“They Lootin’!!! AHHHH!!! Made Ya Look!!!” – @NovaSankofa

Ferguson Mo Quiktrip

I send my condolences to Michael Brown’s family and all people worldwide feeling heartache as a result of police brutality.

Now, I have something to say about the looting at the protests… … …

Fuck those stores!

The bad guys aren’t the people looting those stores. The real bad guys are the people putting liquor stores & McD’s there in the first place. It shouldn’t even be there. Every hood you go to, you can’t find a library or community center, but there are liquor stores and poisonous foods in abundance. Parasites in the community. Then Black folks are proud of people for protecting these business that tranquilize (liquor) and poison (McD’s) their own neighborhood, while the media pits the “good negros” against the “bad negros”.

1) Those aren’t Black businesses

2) Protecting the financial interests of “community outsiders” isn’t a win to me

3) There are better things that can be there.

A Black neighborhood in which the Black dollar isn’t circulating and “others” set up businesses is basically a colony. There should be no surprise racist police are put in these places to protect the investors’ money. If you go to Chinatown in Philly, you don’t see chain stores, only Chinese business… and guess what? Chinatown also has a Chinese Police Dept, Chinese Fire Dept, a Chinese Bank, etc. Economic power IS power. It’s bigger than population, that is why there are whole Black communities that are powerless. For example, look at the Jewish community in this country. Small population but a lot of power, because economic power is a form of true power.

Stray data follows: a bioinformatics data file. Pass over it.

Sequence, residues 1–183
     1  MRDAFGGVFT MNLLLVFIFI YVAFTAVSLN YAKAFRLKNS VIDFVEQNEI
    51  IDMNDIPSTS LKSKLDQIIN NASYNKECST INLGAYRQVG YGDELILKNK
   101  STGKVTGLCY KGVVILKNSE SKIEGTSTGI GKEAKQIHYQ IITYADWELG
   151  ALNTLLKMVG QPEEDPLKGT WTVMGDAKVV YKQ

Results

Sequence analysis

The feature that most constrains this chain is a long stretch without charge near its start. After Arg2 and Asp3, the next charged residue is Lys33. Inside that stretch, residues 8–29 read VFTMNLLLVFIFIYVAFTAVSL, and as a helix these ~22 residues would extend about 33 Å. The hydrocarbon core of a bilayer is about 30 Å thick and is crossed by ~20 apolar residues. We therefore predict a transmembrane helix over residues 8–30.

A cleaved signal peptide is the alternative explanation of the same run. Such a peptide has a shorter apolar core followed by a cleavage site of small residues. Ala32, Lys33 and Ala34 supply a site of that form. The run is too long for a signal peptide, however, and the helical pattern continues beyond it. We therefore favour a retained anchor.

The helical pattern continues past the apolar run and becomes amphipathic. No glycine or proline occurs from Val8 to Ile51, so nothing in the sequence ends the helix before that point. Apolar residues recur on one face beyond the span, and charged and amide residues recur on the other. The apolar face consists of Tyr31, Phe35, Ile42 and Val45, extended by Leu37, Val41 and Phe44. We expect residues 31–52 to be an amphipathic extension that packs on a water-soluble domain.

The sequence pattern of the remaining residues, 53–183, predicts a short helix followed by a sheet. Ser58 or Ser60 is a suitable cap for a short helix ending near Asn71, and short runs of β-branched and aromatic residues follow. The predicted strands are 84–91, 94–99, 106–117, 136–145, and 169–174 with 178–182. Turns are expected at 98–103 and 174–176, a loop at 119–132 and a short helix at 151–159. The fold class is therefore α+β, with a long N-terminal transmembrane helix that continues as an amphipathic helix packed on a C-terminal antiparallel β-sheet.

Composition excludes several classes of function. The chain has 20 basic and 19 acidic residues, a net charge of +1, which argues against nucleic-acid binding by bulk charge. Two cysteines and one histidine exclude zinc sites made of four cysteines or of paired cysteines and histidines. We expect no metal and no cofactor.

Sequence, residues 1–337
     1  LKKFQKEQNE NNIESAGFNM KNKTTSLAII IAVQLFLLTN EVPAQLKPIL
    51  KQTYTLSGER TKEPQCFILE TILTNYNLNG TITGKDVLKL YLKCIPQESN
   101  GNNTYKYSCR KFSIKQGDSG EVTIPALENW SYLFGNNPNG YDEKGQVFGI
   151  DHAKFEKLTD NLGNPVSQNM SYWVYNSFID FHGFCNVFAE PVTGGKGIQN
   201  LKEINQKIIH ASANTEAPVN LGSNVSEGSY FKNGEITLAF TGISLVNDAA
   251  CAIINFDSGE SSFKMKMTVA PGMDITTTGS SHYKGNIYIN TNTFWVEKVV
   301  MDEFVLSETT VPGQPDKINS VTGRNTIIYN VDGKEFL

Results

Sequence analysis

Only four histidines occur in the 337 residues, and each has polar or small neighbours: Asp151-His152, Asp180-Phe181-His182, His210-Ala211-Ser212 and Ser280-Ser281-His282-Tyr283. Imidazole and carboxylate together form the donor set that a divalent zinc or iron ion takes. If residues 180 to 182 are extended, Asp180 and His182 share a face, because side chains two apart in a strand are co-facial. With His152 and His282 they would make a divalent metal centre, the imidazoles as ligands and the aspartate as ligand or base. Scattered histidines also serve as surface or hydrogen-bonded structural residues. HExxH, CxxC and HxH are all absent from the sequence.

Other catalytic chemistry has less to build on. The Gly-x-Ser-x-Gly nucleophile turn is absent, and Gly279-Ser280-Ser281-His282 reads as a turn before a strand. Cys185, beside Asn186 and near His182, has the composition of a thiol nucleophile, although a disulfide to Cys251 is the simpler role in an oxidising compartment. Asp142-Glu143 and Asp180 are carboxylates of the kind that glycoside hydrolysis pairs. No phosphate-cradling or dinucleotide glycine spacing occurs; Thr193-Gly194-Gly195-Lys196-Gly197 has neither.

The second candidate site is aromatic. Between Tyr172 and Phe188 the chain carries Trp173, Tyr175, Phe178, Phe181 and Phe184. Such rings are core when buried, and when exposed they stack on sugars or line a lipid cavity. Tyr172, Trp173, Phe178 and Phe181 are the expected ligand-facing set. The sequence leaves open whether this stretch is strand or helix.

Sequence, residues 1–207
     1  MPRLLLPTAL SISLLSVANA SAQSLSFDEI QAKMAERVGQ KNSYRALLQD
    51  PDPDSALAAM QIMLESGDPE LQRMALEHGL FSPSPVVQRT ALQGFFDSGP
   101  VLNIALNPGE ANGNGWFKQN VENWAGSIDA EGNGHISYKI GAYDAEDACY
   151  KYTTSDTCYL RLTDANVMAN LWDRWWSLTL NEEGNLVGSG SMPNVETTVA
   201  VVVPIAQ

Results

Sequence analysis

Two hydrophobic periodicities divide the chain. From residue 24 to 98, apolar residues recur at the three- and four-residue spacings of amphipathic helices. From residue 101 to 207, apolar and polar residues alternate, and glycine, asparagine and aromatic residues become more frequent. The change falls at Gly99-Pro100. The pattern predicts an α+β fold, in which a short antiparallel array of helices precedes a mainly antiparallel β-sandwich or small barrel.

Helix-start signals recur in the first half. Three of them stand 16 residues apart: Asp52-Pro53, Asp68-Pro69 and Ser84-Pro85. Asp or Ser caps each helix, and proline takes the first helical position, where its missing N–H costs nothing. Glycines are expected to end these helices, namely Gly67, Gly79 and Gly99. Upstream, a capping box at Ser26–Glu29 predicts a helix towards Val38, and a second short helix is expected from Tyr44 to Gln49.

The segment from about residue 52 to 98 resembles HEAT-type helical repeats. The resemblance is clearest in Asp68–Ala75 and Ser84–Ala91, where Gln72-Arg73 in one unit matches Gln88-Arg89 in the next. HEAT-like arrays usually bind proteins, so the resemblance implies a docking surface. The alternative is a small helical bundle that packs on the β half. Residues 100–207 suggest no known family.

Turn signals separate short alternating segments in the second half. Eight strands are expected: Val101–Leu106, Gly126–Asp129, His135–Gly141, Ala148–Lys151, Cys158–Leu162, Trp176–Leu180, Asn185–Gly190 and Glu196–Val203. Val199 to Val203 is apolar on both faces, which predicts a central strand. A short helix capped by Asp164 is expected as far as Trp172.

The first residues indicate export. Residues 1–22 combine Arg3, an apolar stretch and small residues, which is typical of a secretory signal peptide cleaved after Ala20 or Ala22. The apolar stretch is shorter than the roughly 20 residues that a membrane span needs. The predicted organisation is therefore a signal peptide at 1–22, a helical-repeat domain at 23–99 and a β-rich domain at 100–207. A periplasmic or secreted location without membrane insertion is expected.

I’m not saying to loot or not. I’m saying that it doesn’t matter. Respectability politics won’t get us anywhere.

“Why didn’t you loot and you are protecting this store?”

“I wanted to show them we ain’t all ignorant niggas”

SHOW WHO?!

Getting beat upside the head, shot in the streets, and still trying to earn the favor of people who will treat you like less than a dog anyway. Risking your own wellbeing to protect a LIQUOR STORE, a parasite of the community, to “show them” you’re better than the rest of your people.